Crush Injuries to Workers On the Job
Most crush injuries occur at work, and this can sometimes complicate the claims process. This is particularly true in Texas, which is the only state where employers are not required to carry workers’ compensation coverage for their employees. Most people assume that a work injury is automatically a workers’ comp case, but you might be surprised to learn that around 33 percent of Texas employers have opted out of the program.
Our law firm can check to determine whether your employer subscribes to workers’ compensation insurance or not during your first phone call. From there, we can explain your options for pursuing a claim—either through a personal injury claim (if your employer is a “nonsubscriber”) or through the workers’ comp process. We do this at no cost, and no obligation.
When it comes to a personal injury or wrongful death at work, there are advantages and disadvantages to workers’ compensation. The experienced personal injury attorneys at Montgomery Law can help you understand exactly what to expect in your situation moving forward.
Trust in the Experience of Montgomery Law
A person who has suffered a crush injury may face months or rehabilitation if not permanent disability. In many cases, crush accidents are tragically fatal.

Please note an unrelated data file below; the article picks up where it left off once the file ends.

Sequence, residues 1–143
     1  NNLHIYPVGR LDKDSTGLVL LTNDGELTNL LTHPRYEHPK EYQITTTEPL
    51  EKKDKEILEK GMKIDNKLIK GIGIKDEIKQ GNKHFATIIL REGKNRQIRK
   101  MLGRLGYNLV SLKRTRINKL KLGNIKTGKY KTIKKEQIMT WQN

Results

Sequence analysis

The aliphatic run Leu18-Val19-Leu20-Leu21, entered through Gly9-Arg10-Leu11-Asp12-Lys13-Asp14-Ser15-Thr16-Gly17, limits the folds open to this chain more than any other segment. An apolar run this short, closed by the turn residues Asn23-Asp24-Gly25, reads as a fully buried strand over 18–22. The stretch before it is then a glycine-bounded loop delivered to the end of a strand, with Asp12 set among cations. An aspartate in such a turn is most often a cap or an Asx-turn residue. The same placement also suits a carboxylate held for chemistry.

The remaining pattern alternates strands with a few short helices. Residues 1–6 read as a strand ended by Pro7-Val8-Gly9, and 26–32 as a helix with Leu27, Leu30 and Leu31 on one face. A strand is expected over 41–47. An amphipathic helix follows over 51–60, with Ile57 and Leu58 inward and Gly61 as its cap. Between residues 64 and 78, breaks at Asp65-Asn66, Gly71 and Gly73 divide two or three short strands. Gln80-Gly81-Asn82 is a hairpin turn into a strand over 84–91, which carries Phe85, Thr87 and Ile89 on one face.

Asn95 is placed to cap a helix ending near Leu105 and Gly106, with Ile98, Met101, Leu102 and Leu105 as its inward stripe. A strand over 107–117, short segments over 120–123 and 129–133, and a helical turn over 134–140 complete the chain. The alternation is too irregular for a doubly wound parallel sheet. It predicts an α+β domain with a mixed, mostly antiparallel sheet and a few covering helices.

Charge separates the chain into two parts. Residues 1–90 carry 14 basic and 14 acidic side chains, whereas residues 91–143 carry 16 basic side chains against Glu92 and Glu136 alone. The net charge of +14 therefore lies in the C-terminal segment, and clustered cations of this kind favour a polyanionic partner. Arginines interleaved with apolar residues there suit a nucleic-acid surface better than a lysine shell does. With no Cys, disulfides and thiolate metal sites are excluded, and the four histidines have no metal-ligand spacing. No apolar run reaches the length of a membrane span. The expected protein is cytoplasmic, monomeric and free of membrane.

The legal team at Montgomery Law understands the challenges of recovering from a crush injury—both for the individual and his or her family. We work with clients throughout the Dallas-Fort Worth area who have been injured in traumatic accidents. Our job is to work on your family’s behalf while you focus on recovering.
Our Dallas law firm offers free consultations to all prospective clients. Because we’re confident in what we do, we handle all cases on a no-win no-fee basis. Contact our attorneys today by email, or call 214-720-6090 (local) or 1-833-720-6090 (toll-free) for a free consultation.
Montgomery Law is a Dallas-based personal injury law firm focused on getting clients the justice and compensation they deserve.
Call us toll-free at 1-833-720-6090 to discuss your case today for no cost.